• Cognition does not depend solely on brain processes, but results from structures widely distributed across the whole body of a living system (the mind is embodied).
• Cognition arises from interactions with the (social and physical) environment; it is actively immersed in the world (the mind is embedded).
• Cognition can reach beyond the boundaries of skull and skin, integrating resources internal and external to the animal (the mind is extended).
• Cognition consists of embedded and embodied forms of interactions between a self-organized living system and its environment. Through this dynamic interplay, the creature enacts (or brings forth), its own domain of meaning (the mind is enacted).
It is beyond the scope of this article to discuss each of the ‘4Es’ approaches in detail; thus we will draw from them selectively – adopting both overlapping principles and distinctive insights (in particular from the enactive view) when necessary. While the debate over these perspectives is still heated in philosophy of mind and cognitive science, the embodied paradigm (in its four ‘E’ instantiations) has received little discussion in the context of music-based rehabilitative paradigms. But before we focus on how specific therapeutic settings may integrate existing methodological and theoretical models with insights from the embodied perspectives (mainly with regard to Parkinson’s treatment), it will be necessary to consider three basic principles associated with embodied cognition and analyze their role in neuroscience (86–88) and music cognition (89–94).
Tracking Down Embodiment
Although the ‘4Es’ define different research agendas, they all maintain that “cognition is embodied” as their starting assumption4 [see Hanna and Maiese (96) and Ward and Stapleton (97)]. But what does it really mean? Broadly speaking, it is important to understand embodiment not as a given category that may facilitate certain aspects of perceptual and cognitive activity, or as a label to attach whenever bodily aspects are somehow involved in certain cognitive tasks. Rather, ‘embodiment’ should be intended as the pre-requisite of an agent’s being-in-the-world (98, 99). Listening to music, thinking of a good life event, feeling sad, sharing a drink with a friend, and every other possible activity we may have experience of, are all conceivable only through our living and lived body (67, 100, 101). As Di Paolo and colleagues argue: “to say that cognition is embodied is to express a tautology – it simply cannot but be embodied” [Di Paolo et al. (102), p. 42]. This passage is best understood when considering what Varela et al. (50) define as the “three dimensions of embodiment”: bodily self-regulation, sensorimotor coupling, and intersubjective interaction. Analyzed by several contributors [e.g., Thompson (59)], these insights offer a thorough perspective on the embodied view, emphasizing the explanatory power of moving beyond cognitivism across different levels of analysis. Importantly, as we will see, these “three dimensions” are extremely relevant for our discussion on music-based therapy for Parkinson’s disease (PD) patients, which we offer below.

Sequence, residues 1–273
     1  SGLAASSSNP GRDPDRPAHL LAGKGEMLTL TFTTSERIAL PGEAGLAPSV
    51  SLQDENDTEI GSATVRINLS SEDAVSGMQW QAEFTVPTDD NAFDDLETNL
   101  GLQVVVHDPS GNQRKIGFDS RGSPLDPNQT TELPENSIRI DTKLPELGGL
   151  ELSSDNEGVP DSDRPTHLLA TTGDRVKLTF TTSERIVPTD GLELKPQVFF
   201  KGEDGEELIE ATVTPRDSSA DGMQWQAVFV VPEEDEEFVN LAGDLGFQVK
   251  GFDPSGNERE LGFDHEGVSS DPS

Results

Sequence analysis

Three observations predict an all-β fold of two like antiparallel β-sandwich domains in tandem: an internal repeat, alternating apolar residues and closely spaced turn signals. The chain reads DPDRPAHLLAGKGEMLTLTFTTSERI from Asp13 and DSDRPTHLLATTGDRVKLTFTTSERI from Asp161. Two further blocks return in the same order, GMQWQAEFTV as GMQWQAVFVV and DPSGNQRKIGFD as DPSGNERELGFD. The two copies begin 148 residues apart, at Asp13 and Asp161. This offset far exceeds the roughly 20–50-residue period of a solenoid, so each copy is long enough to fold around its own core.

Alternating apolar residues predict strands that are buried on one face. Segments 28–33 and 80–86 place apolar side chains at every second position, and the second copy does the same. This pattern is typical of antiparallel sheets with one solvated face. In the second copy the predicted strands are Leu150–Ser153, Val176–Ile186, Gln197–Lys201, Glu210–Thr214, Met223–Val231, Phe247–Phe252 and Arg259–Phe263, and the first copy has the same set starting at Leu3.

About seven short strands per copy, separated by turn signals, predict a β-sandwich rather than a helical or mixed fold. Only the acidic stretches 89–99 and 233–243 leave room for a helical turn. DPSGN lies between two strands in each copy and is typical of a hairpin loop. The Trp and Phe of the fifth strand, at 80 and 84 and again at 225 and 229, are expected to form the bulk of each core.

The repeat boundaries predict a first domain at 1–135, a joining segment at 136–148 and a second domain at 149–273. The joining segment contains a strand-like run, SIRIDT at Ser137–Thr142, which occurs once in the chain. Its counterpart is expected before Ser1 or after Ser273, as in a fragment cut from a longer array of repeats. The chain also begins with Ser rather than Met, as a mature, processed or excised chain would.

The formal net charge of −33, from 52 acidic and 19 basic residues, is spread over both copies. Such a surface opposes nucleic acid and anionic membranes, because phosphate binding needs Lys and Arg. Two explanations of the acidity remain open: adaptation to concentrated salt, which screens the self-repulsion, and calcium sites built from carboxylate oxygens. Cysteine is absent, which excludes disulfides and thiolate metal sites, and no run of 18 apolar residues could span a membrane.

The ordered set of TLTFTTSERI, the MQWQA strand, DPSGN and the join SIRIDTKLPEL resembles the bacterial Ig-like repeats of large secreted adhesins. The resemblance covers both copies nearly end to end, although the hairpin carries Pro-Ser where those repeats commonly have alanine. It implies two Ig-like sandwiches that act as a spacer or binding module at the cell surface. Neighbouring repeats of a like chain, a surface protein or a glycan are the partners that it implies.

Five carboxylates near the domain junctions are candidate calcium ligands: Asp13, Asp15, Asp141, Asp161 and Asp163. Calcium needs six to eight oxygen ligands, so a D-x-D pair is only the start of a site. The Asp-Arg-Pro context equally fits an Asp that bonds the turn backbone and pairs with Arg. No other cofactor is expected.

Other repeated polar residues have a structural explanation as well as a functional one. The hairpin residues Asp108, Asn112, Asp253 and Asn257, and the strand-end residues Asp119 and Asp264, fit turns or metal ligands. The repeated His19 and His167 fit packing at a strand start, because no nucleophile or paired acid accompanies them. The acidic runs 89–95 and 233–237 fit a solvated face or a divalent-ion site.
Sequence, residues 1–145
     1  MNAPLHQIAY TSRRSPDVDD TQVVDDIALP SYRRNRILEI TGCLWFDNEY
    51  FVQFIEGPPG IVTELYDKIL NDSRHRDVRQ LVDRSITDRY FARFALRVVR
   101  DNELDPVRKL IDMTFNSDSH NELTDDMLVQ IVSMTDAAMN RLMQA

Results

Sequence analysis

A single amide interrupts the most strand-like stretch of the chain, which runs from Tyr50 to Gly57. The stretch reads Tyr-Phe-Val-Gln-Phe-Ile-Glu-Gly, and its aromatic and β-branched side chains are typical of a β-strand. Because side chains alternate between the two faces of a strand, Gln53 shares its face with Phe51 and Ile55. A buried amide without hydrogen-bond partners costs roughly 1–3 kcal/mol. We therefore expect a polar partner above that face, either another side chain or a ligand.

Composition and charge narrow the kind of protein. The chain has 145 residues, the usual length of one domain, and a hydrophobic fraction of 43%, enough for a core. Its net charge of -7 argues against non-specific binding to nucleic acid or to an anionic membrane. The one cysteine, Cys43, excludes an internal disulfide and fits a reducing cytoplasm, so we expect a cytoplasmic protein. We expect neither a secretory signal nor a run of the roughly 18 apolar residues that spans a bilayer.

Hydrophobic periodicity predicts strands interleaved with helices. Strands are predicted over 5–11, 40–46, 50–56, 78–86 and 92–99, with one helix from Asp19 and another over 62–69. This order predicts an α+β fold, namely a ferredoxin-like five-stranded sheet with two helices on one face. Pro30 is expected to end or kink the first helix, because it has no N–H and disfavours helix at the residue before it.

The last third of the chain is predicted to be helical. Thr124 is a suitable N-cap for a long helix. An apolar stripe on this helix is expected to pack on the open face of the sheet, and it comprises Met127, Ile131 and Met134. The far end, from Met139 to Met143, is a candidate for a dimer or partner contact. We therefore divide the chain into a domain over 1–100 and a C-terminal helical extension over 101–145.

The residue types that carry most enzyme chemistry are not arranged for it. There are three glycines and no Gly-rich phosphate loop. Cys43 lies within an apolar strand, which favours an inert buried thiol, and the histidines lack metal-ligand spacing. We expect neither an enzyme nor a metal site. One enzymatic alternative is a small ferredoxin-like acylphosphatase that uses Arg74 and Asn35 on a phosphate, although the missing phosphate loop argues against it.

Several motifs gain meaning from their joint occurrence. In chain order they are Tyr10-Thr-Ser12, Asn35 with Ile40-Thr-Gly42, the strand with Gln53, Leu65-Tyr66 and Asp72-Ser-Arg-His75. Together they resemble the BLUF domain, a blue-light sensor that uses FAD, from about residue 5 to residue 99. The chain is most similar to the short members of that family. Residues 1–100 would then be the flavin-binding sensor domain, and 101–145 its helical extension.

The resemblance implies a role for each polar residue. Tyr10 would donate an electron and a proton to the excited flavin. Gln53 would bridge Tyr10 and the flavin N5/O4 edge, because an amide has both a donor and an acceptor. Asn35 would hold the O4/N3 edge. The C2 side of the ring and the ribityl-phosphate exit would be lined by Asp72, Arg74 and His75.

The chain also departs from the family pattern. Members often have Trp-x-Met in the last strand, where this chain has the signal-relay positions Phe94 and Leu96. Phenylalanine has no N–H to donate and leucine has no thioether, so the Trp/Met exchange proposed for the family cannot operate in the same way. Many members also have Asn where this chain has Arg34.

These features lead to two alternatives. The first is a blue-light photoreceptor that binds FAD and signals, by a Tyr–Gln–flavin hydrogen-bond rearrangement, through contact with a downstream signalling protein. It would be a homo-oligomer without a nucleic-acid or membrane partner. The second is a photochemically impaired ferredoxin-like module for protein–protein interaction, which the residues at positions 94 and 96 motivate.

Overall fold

Bodily self-regulation concerns the way an agent’s biological structure contributes in regulating, modifying, and controlling its homeodynamic requirements. These processes of metabolic autonomy ensure that the agent is alive and that it maintains a stable interaction with the world. Importantly, as reported by Colombetti (103), there is no ‘self’ in self-organizing organisms: no ‘message’ is exchanged in hierarchical fashion between different independent levels via top-down or bottom-up pathways (104). Instead, the chemical, thermodynamic, and metabolic activity of the system’s sub-networks participates as a whole in maintaining the system’s homeostatic adaptivity. The process leading to adaptive stability, in which the living system (i.e., a unicellular organism, a mammalian, etc.) strives to maintain its autonomous identity, is realized through self-producing all that is needed for its maintenance (105, 106). The process, in other words, is not led by a ‘ghost in the machine,’ but rather by homeostasis (103). Consider the role of emotions, for example: seen as self-regulative processes (107, 108), they emerge within the dynamical interaction of a number of neural and extra-neural components, and not simply via an input–output sequential chain of events (57). Indeed, although defining an operationally closed network,5 the self-regulating processes aimed at keeping the agent’s conservation as auto-sufficient, do establish a meaningful dialectic with the environment: “whence the intriguing paradoxicality proper to an autonomous identity: the living system must distinguish itself from its environment, while at the same time maintaining its coupling; this linkage cannot be detached since it is against this very environment from which the organism arises, comes forth” [Varela (109), p. 85]. By this view, all living systems are “self-organizing thermodynamic systems with emergent truly global or inherently dominating intrinsic structure, and not mere mechanisms like a can-opener or a digital computer” [Hanna and Maiese (96), p. 20]. The integrity of self-regulative processes always involves world, body, and brain at multiple levels and time-scales (110). With regard to human musicality, these insights have been recently explored by research on bodily self-regulation in joint improvisation (111) and by the development of an enactive theory of musical emotions (Schiavio et al., under review).